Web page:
Visible to the public Biblio

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A
Abbas, Waseem, Perelman, Lina Sela, Amin, Saurabh, Koutsoukos, Xenofon.  2015.  An Efficient Approach to Fault Identification in Urban Water Networks Using Multi-Level Sensing. Proceedings of the 2Nd ACM International Conference on Embedded Systems for Energy-Efficient Built Environments. :147–156.

The objective of this work is to develop an efficient and practical sensor placement method for the failure detection and localization in water networks. We formulate the problem as the minimum test cover problem (MTC) with the objective of selecting the minimum number of sensors required to uniquely identify and localize pipe failure events. First, we summarize a single-level sensing model and discuss an efficient fast greedy approach for solving the MTC problem. Simulation results on benchmark test networks demonstrate the efficacy of the fast greedy algorithm. Second, we develop a multi-level sensing model that captures additional physical features of the disturbance event, such as the time lapsed between the occurrence of disturbance and its detection by the sensor. Our sensor placement approach using MTC extends to the multi-level sensing model and an improved identification performance is obtained via reduced number of sensors (in comparison to single-level sensing model). In particular, we investigate the bi-level sensing model to illustrate the efficacy of employing multi-level sensors for the identification of failure events. Finally, we suggest extensions of our approach for the deployment of heterogeneous sensors in water networks by exploring the trade-off between cost and performance (measured in terms of the identification score of pipe/link failures).

Abbas, Waseem, Laszka, Aron, Vorobeychik, Yevgeniy, Koutsoukos, Xenofon.  2015.  Scheduling Intrusion Detection Systems in Resource-Bounded Cyber-Physical Systems. Proceedings of the First ACM Workshop on Cyber-Physical Systems-Security and/or PrivaCy. :55–66.

In order to be resilient to attacks, a cyber-physical system (CPS) must be able to detect attacks before they can cause significant damage. To achieve this, \emph{intrusion detection systems} (IDS) may be deployed, which can detect attacks and alert human operators, who can then intervene. However, the resource-constrained nature of many CPS poses a challenge, since reliable IDS can be computationally expensive. Consequently, computational nodes may not be able to perform intrusion detection continuously, which means that we have to devise a schedule for performing intrusion detection. While a uniformly random schedule may be optimal in a purely cyber system, an optimal schedule for protecting CPS must also take into account the physical properties of the system, since the set of adversarial actions and their consequences depend on the physical systems. Here, in the context of water distribution networks, we study IDS scheduling problems in two settings and under the constraints on the available battery supplies. In the first problem, the objective is to design, for a given duration of time $T$, scheduling schemes for IDS so that the probability of detecting an attack is maximized within that duration. We propose efficient heuristic algorithms for this general problem and evaluate them on various networks. In the second problem, our objective is to design scheduling schemes for IDS so that the overall lifetime of the network is maximized while ensuring that an intruder attack is always detected. Various strategies to deal with this problem are presented and evaluated for various networks.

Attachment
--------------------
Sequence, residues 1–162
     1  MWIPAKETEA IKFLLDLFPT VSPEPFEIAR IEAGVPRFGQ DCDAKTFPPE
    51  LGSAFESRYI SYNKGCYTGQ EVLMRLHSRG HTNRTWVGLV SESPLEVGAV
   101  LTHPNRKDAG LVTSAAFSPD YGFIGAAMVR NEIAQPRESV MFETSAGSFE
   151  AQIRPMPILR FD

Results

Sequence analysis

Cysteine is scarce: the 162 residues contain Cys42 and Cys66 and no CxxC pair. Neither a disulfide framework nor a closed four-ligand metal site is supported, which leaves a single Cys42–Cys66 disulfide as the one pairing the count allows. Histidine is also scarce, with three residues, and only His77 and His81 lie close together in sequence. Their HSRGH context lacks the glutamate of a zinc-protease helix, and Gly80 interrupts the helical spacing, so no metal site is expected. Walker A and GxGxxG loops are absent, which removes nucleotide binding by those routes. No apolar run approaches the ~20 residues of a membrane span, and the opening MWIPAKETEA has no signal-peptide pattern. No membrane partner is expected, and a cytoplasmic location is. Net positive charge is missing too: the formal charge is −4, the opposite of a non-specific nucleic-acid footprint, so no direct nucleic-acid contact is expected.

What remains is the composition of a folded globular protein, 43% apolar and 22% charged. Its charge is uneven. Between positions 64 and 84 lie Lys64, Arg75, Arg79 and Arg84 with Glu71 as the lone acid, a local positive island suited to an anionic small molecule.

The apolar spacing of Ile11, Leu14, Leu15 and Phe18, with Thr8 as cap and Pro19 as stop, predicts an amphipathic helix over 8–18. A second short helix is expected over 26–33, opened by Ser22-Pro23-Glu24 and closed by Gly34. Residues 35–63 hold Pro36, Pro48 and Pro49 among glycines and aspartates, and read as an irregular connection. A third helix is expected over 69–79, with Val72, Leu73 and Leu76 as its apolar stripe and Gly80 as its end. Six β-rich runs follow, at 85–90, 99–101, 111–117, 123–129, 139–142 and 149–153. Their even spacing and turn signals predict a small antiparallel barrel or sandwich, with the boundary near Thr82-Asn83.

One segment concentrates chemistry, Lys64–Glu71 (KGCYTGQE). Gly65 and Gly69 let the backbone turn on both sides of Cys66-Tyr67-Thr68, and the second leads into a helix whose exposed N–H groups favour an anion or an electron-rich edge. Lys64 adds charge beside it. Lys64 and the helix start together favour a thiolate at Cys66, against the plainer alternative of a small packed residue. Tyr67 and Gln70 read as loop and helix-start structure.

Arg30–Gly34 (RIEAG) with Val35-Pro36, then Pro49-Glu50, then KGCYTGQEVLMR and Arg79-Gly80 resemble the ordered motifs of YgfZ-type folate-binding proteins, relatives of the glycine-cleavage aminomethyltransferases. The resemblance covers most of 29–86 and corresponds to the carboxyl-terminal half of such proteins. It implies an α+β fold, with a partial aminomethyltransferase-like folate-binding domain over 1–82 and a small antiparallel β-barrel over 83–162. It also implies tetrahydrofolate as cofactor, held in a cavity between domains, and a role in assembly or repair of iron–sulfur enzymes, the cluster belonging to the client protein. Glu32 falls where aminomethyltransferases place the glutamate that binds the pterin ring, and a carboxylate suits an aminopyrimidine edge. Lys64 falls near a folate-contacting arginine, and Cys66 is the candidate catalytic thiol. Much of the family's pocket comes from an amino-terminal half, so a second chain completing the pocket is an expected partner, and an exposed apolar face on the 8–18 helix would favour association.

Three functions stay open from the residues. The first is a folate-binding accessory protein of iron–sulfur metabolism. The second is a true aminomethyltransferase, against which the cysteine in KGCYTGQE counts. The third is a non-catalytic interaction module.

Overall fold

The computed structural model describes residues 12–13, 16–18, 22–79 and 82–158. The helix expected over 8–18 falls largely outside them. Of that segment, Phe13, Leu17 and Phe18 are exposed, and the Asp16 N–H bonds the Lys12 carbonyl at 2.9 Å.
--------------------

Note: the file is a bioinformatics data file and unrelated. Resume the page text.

Abbas, Waseem, Perelman, Lina Sela, Amin, Saurabh, Koutsoukos, Xenofon.  2017.  Resilient Sensor Placement for Fault Localization in Water Distribution Networks. Proceedings of the 8th International Conference on Cyber-Physical Systems. :165–174.